30 years since the Challenger disaster

5. Shuttles were never used to launch commercial satellites into orbit again. After the Challenger, the shuttles performed only scientific missions or flew at the request of the Pentagon. No more insurance-paid missions like fly into space, pick up satellites placed in the wrong orbit and return them to Earth. MMU installations for moving in outer space have remained on Earth forever. According to the new safety standards, the use of space motorcycles was too dangerous.

30 years since the Challenger disaster

6. The military received a big headache, having invested billions of dollars in the construction of the SLC-6 launch complex at the Vandenberg base. From there, the shuttles were supposed to take cargo to polar and sun-synchronous orbits. The first launch was scheduled for the summer of 1986. Shortly after the Challenger disaster, the idea of launching shuttles from the west coast was abandoned.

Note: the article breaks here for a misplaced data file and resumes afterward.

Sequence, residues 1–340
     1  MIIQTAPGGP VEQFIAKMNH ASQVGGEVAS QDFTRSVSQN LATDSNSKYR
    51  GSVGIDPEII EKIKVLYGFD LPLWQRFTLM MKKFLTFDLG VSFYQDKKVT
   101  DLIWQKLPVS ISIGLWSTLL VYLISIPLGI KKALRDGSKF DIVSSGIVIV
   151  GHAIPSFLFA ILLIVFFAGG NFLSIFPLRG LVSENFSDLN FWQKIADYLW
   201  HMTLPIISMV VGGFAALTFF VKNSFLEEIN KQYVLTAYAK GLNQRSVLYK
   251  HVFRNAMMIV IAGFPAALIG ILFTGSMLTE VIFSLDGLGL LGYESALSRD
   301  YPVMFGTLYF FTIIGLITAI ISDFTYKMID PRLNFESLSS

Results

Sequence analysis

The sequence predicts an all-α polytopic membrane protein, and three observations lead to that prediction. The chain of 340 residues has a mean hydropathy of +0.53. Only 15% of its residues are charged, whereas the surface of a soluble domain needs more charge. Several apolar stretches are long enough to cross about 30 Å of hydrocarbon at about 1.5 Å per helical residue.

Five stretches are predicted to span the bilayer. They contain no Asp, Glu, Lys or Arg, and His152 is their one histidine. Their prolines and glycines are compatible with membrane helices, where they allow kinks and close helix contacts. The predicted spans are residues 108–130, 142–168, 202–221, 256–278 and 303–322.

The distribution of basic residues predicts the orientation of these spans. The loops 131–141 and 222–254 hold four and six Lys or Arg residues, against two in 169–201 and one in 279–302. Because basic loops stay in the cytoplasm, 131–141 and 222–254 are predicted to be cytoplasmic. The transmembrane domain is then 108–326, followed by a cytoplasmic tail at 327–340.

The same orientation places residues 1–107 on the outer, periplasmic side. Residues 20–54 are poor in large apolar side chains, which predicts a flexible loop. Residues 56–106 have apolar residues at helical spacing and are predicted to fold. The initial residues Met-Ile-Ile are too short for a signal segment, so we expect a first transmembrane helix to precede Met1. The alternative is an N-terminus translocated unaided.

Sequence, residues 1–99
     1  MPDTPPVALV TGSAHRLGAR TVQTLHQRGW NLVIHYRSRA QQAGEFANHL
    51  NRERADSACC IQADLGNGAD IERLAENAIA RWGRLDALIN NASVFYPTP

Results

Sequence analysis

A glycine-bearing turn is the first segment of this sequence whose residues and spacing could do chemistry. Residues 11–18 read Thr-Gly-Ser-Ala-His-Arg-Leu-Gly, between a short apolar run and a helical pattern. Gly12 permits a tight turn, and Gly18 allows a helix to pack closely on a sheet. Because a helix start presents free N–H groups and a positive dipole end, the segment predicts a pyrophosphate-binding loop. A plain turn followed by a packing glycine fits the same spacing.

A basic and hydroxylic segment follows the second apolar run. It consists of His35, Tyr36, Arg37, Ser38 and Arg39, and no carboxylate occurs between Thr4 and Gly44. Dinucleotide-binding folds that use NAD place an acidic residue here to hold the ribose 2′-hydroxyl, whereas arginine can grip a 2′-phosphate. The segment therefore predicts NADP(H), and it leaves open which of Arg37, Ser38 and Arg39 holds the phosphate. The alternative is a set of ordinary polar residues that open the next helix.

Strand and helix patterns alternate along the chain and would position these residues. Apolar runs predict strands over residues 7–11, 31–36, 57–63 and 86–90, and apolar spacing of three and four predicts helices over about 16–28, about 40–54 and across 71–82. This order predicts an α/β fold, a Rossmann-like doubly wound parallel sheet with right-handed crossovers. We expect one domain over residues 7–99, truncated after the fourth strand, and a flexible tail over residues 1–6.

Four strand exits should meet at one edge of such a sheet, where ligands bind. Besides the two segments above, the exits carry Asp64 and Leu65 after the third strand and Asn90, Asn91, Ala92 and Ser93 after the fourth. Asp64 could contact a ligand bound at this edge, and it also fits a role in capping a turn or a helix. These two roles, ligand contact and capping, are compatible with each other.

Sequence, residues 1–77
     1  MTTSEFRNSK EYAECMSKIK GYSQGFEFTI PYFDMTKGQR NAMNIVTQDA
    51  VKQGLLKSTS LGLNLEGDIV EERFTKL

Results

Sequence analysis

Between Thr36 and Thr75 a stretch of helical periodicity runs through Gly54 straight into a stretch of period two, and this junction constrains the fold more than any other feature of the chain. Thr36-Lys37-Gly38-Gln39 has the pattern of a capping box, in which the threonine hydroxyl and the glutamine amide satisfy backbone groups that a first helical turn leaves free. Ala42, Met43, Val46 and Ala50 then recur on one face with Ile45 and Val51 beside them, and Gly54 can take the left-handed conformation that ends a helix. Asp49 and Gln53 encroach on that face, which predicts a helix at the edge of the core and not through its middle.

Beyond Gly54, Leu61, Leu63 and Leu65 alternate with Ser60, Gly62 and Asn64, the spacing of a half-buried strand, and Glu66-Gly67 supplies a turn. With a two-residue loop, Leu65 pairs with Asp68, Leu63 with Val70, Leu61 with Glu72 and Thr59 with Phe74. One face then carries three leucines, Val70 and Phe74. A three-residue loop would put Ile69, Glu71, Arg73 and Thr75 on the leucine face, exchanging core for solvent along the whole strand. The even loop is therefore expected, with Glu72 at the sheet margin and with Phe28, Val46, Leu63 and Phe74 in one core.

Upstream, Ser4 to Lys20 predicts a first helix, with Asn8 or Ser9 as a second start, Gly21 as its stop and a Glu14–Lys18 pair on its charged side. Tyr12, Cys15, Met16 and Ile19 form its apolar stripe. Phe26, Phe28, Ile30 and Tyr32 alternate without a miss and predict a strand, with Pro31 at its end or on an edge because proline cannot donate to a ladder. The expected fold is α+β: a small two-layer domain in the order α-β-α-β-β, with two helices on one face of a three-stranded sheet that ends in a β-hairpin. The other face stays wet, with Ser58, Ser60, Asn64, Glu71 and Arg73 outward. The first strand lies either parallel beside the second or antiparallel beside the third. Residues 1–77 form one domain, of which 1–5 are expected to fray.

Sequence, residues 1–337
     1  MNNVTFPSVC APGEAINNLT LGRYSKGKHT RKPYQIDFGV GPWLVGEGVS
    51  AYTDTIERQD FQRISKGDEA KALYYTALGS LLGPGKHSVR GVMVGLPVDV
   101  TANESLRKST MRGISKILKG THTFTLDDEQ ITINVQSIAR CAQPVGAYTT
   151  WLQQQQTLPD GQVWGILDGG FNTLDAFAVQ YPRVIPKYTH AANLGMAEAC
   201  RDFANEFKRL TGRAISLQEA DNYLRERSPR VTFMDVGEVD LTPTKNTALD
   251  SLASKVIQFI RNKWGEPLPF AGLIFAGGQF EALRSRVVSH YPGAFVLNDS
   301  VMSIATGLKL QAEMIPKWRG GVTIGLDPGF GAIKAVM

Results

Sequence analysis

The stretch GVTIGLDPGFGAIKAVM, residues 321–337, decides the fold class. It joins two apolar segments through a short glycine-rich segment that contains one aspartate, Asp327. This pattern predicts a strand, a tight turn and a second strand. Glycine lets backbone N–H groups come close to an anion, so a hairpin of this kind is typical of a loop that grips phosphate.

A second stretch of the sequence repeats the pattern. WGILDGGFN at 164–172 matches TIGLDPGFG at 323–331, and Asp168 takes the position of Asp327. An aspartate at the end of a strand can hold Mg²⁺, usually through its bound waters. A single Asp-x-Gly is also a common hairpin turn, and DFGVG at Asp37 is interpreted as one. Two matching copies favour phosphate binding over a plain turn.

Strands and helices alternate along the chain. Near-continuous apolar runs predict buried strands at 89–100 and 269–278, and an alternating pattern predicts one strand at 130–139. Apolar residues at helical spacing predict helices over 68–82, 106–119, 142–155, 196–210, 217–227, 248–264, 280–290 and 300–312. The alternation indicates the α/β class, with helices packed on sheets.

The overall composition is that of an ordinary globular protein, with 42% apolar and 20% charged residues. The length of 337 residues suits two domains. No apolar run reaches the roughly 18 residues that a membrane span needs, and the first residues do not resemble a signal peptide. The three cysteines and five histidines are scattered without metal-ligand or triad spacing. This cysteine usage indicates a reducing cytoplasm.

30 years since the Challenger disaster

7. The death of the Challenger indirectly led to another catastrophe. Due to the standing of the shuttles on the dock at the PEPCON plant, which produced fuel for solid-fuel accelerators, there were large reserves of unused ammonium perchlorate. On May 4, 1988, a fire broke out there, which led to a series of detonations that leveled the entire production. The power of the largest of the explosions was about a kiloton.

30 years since the Challenger disaster

8. The scientific program was also dealt a big blow. After reviewing the safety standards, NASA abandoned the use of powerful Centaurus-G upper stages, which could provide research vehicles with a flight to other planets along a straight trajectory without gravitational maneuvers. This negatively affected the Galileo and Ulysses missions. Their launch was scheduled for 1986, but they went into space, respectively, only in 1989 and 1990, and their flight to the target due to the rejection of the Centaur-G lasted much longer than originally planned.

30 years since the Challenger disaster